This is how Ted Cruz wins: Donald Trump, Marco Rubio and the narrow but real path to a Cruz nomination

Ted Cruz's 2016 strategy virtually guarantees that he'll do well in Iowa. But he needs chaos and luck after that

Published December 1, 2015 4:24PM (EST)

Marco Rubio, Donald Trump, Ted Cruz   (AP/Reuters/Gary Cameron/Joe Skipper/Jose Luis Magana)
Marco Rubio, Donald Trump, Ted Cruz (AP/Reuters/Gary Cameron/Joe Skipper/Jose Luis Magana)

The detritus of the 2016 Republican presidential race is composed of candidates who bet everything on winning the Iowa caucus. Scott Walker, Rick Perry and Bobby Jindal were all, at one point or another, singularly focused on Iowa – not because that’s a particularly good strategy, but because they had no other choice. Iowa is the first state to hold a nominating contest, and it’s jam-packed with white evangelical voters who just love to caucus. If you’re a hard-right outsider candidate with an unkillable desire to be president, Iowa is your best opportunity to assert yourself and make an impact on the race.

The problem with the all-out Iowa-centric strategy is that there are other elections and caucuses after Iowa, and they’re not all so uniquely white, Christian, conservative and corn-loving as the Hawkeye State.

That brings us to Ted Cruz. The Texas senator, I should hasten to point out, is a very different candidate from Walker, Perry and Jindal; he’s capable of raising money and his poll numbers are on an upward trajectory. Nowhere is this more evident than in Iowa, where the last two polls have put him in second place, only narrowly trailing Donald Trump. Cruz’s surge in Iowa makes sense given that the Cruz game plan is essentially to embrace the Iowa-is-everything strategy, but apply it nationally. Cruz’s path to the White House, as he sees it, is to drive up turnout among white voters and conservative Christians. “Today, roughly half of born again Christians aren’t voting,” he said at his announcement speech back in March. “They’re staying home. Imagine instead millions of people of faith all across America coming out to the polls and voting our values.”

For the moment, this strategy is reaping dividends in one place where it was likely to, and people are starting to talk about Cruz as a sleeper threat for the nomination. But let’s be clear: Cruz still faces a mountain of troubles, both inside Iowa and beyond.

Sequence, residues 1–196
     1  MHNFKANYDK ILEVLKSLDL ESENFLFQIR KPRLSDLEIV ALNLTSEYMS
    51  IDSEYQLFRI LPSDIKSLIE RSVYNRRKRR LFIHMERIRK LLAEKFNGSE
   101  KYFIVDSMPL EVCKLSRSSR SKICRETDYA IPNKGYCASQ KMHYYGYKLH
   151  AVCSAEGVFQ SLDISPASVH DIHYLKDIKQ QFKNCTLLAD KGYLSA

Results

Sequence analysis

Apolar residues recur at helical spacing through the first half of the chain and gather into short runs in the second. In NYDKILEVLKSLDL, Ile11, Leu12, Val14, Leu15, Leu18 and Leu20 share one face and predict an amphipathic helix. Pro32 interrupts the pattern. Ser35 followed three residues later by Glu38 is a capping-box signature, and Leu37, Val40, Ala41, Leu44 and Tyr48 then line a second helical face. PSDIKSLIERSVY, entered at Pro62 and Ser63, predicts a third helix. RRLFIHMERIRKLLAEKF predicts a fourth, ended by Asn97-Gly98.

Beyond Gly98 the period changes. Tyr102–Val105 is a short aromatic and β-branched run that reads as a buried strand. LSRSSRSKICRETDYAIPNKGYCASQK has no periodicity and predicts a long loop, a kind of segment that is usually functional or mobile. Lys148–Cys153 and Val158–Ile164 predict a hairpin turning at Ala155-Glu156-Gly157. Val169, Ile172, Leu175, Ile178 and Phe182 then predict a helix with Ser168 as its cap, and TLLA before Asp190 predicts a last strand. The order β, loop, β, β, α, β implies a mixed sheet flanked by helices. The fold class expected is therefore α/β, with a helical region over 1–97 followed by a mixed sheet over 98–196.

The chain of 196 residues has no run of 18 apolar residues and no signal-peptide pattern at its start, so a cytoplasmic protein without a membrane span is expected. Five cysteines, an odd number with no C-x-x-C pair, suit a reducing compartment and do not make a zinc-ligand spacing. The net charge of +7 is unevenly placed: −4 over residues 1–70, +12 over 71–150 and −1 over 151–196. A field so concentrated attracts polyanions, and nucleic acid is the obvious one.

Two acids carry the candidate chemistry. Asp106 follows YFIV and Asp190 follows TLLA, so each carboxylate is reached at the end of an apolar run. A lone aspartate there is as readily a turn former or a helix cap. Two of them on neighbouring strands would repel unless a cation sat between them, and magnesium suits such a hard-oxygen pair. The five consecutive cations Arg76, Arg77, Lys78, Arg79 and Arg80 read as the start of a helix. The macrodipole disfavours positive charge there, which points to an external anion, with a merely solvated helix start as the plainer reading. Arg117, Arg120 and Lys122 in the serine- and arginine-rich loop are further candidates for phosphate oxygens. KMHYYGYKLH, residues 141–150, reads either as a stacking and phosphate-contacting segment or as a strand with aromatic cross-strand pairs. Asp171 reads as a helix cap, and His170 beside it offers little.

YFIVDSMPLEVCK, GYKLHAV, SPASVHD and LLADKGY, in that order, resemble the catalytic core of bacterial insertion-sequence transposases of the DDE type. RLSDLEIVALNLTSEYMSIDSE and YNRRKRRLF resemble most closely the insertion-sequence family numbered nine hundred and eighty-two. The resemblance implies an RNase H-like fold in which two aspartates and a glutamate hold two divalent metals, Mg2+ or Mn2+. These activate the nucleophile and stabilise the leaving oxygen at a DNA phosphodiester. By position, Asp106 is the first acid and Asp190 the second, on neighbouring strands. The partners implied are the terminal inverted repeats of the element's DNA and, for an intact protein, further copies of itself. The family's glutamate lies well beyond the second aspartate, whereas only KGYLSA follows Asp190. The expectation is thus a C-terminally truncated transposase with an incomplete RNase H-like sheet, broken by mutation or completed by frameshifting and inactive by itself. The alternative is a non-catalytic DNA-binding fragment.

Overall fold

His most immediate problem in Iowa is Donald Trump, who has been dominating the polls there and appears to have successfully beaten off a challenge from Ben Carson. Cruz’s rise seems to be coming at Carson’s expense, but the question is whether he’ll have more success in knocking Trump out of the top spot. The Cruz strategy relies to a large degree on a Trump collapse – the candidate and his campaign are upfront about this and are confident that Cruz will catch the majority of Trump’s supporters if and when they bolt. But that collapse still hasn’t happened, and if Trump proves to be more durable than previously assumed, that puts Cruz in the awkward position of needing to hasten Trump’s demise while not alienating his voters.

But let’s say Cruz does beat out Trump and wins the Iowa caucus. Then he runs into the post-Iowa problem of having to win over electorates that aren’t so overwhelmingly conservative – a problem that is especially pronounced in non-caucus states. “There is not a single primary state where ‘very conservative’ voters represent as large a share of the electorate as they do in Iowa,” the New York Times notes. His best hope would seem to be that the hard-right segment of the GOP base coalesces around him while the more moderate, establishment-friendly segments remain divided between several candidates. That may be possible, but one shouldn’t underestimate how much the Republican establishment loathes Ted Cruz. They’re already starting to line up behind Marco Rubio because they want to make clear to Cruz just how much they hate him and don’t trust him.

But even if those stars do align for Cruz, his own campaign still sees a long, brutal slog for the nomination that goes all the way to the convention. Their strategy assumes that he can endure a series of early losses and make it through to the later contests, in Western and Southern states, where it’s assumed he’ll be on firmer ground to pick up delegates. It’s no small task keeping a presidential campaign funded when a) you’re not winning, and b) donors and voters want to get behind the people who are winning. And, again, one can assume the party establishment will do everything it can to avoid precisely this sort of messy delegate fight.

That’s not to say Cruz is utterly without hope. The fractious nature of the Republican field and the unnatural political gravity exerted by Donald Trump have thrown the race into disarray and left open avenues for candidates with narrower appeal, like Cruz, to exploit. But much of what he can accomplish depends on the failures of others. If Trump implodes and his supporters defect to Cruz, and if the rest of the field remains a jumbled mess of uncertain loyalties, then Cruz could capitalize on the chaos. Otherwise, he’ll be the latest Republican presidential hopeful to have a strong showing in Iowa, and then slowly fade.

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By Simon Maloy

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